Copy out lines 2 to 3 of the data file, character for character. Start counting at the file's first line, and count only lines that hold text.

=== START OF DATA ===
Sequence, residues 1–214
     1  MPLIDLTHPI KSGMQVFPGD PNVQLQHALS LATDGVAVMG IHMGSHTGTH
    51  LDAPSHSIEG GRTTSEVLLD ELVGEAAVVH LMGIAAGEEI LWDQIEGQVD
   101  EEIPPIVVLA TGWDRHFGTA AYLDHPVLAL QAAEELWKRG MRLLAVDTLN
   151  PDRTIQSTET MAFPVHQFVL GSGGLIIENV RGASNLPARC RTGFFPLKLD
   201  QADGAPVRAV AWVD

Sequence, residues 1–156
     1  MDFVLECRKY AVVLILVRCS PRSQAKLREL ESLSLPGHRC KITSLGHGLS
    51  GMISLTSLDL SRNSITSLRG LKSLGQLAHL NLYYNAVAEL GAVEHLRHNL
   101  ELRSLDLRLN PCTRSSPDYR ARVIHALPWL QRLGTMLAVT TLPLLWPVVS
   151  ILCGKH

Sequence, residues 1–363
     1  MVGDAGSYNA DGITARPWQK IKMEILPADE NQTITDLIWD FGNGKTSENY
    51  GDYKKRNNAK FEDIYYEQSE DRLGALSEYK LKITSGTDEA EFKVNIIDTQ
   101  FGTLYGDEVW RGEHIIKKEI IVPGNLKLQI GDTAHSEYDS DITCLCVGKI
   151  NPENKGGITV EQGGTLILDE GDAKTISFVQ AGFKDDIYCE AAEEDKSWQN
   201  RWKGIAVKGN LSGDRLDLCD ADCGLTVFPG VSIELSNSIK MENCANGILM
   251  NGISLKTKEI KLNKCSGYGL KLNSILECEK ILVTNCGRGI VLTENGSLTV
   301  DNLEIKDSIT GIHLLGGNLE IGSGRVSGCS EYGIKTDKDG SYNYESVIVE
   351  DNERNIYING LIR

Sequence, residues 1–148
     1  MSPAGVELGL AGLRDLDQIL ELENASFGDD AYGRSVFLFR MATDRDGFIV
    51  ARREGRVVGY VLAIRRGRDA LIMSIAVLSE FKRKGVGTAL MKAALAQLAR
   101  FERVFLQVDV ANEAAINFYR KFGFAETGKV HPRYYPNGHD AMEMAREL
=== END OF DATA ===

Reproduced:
     1  MPLIDLTHPI KSGMQVFPGD PNVQLQHALS LATDGVAVMG IHMGSHTGTH
    51  LDAPSHSIEG GRTTSEVLLD ELVGEAAVVH LMGIAAGEEI LWDQIEGQVD